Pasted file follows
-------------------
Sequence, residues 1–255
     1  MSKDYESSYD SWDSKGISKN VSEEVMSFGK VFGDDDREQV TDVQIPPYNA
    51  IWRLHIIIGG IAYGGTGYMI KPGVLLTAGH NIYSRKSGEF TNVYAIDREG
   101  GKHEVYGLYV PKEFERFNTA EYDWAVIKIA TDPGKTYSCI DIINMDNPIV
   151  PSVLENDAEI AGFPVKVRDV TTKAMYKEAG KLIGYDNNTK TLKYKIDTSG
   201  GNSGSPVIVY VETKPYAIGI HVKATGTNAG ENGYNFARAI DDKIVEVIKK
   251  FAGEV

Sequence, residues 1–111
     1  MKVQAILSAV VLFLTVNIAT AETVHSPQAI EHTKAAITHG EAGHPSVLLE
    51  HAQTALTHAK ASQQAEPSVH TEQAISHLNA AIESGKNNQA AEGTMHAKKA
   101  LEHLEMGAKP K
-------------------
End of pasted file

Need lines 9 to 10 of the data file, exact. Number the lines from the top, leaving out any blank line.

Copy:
     1  MKVQAILSAV VLFLTVNIAT AETVHSPQAI EHTKAAITHG EAGHPSVLLE
    51  HAQTALTHAK ASQQAEPSVH TEQAISHLNA AIESGKNNQA AEGTMHAKKA